5 Tips for Writing Inclusive Job Descriptions

by Danielle Gauthier

Posted September 16, 2020

The benefits of creating a diverse, equitable, and inclusive workplace culture are undeniable – and many. As we mentioned in our recent blog post on how nonprofits can achieve DEI success, companies with greater diversity in their staff and management teams out-perform those that don’t, achieve higher levels of profitability, and are more likely to have superior value creation (McKinsey).

But how do you attract a diverse candidate pool? Inclusive job descriptions are key. A job description does more than describe the open position; it’s an opportunity to communicate your organization’s values and culture, and how all candidates can thrive and succeed as part of your team. Consider these tips:

Highlight your organization’s commitment to DEI

Consider including a designated paragraph or section to highlight any information that displays your organization’s commitment to DEI. For instance, perhaps you have a mentorship program for people of color, an internal DEI committee, annual unconscious bias trainings, etc. Naming these initiatives helps candidates truly understand the depth and sincerity of your commitment. Consider, also, including an equal opportunity statement that is thorough, clear, and ideally, written in your own words.

Name any inclusive benefits offered

Benefits such as paid parental leave, flexible work arrangements, childcare subsidies, etc., play an important role in fostering diversity and inclusion. Including these benefits in the job description means candidates will understand your commitment to inclusion from the very start. See below for an example of how our company highlights our benefits to candidates.


Only list “must haves”

Rethinking—and simplifying—your candidate criteria is key to attracting a larger and diverse pool of candidates. Spend time thinking about candidates’ “must haves” vs. “nice to haves,” with inclusion in mind. A lengthy and specific list of requirements can discourage potential candidates from applying, especially those who possess transferrable skills, but may lack direct experience. Furthermore, truly sticking to only the “must haves” helps convey that you welcome candidates who possess the required skills but are still growing and learning. See our recent blog “Why DEI Success Doesn’t Start With The Hiring Process” for additional tips on creating your candidate criteria.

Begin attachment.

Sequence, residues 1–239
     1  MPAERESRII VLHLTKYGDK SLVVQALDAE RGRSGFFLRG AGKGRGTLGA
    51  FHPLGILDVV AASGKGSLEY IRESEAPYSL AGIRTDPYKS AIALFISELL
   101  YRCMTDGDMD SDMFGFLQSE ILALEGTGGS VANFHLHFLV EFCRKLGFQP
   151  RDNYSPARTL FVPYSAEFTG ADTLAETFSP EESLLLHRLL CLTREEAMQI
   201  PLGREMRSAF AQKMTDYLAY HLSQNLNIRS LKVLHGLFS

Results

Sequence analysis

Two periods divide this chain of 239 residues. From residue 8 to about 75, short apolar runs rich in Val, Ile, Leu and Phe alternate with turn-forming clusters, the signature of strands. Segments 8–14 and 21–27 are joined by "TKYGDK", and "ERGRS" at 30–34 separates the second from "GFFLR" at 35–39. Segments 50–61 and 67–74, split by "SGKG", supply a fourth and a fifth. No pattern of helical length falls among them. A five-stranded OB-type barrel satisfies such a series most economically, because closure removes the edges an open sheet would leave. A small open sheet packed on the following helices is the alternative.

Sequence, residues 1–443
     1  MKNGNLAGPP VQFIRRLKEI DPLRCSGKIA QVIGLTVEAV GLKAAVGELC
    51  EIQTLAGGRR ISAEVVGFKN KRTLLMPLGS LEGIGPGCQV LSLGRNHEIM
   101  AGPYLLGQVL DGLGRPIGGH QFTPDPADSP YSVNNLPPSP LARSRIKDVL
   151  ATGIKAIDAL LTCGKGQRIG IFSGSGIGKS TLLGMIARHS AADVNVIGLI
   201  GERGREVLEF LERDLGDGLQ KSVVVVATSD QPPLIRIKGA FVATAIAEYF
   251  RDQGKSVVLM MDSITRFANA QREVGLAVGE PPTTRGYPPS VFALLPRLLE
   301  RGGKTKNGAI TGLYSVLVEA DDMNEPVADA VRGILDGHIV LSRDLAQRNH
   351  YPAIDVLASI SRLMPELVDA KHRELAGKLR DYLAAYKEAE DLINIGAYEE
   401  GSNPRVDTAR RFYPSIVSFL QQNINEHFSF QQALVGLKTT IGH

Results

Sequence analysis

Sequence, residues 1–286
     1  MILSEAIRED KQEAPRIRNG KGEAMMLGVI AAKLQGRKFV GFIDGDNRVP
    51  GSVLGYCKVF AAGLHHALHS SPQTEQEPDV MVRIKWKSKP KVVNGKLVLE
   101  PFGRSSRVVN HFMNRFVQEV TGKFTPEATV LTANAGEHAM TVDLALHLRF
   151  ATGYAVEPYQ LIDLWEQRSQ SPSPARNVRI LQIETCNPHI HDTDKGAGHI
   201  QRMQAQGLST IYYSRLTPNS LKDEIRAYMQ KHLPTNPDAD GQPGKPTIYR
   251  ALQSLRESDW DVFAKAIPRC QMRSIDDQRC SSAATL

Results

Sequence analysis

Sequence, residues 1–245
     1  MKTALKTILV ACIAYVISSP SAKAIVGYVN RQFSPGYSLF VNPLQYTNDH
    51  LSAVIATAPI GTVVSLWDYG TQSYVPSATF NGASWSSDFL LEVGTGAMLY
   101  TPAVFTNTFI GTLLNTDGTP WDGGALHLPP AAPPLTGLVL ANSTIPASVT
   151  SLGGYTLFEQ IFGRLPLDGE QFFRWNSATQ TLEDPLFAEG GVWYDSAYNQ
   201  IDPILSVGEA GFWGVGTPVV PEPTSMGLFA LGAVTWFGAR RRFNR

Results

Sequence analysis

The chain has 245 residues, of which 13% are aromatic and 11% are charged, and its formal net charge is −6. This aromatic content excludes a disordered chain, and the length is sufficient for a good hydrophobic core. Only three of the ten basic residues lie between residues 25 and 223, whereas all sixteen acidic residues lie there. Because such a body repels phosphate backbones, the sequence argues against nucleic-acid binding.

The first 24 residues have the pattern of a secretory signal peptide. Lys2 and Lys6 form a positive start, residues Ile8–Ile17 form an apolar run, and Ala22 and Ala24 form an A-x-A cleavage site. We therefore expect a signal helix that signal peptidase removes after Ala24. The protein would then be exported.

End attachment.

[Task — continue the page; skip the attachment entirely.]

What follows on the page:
Avoid gender-specific pronouns

This is a simple—but effective—change you can make to your job descriptions: use ‘they’ instead of ‘he or she’ or ‘s/he’ to be more gender inclusive. ZipRecruiter found that gender-neutral job descriptions received 42% more applications on average. 

Swap out jargon and gender-coded language 

While many of the words below may seem innocuous, studies have shown that certain words can encourage male applicants and discourage women, minorities, and older candidates. Consider swapping out the words below for any of the more neutral alternatives provided by OnGig:

  • strong – sound, steady, excellent, solid
  • drive – energy, inspiration, guide, steer, push, run, deliver, energize, inspire
  • lead – head, top person, manager, run, head up, manage, steer, grow, pioneer
  • analysis – investigation, study, test, testing, research, data
  • analytical – systematic, thorough, thoughtful, deductive, statistical, data
  • driving – motivating, energizing, inspiring, guiding, steering, pushing, running, delivering
  • individuals – people
  • proven – established, known, demonstrated, reliable, successful, trusted, tested
  • workforce – teams, workers, members
  • decisions – choices, conclusions, judgments, moves, outcomes, steps, actions

Development Guild DDI recognizes that diverse voices, perspectives, and experiences are required for the greatest impact, and we are committed to supporting and strengthening DEI industry-wide—through our work as nonprofit consultants—and internally as a firm. Learn more.


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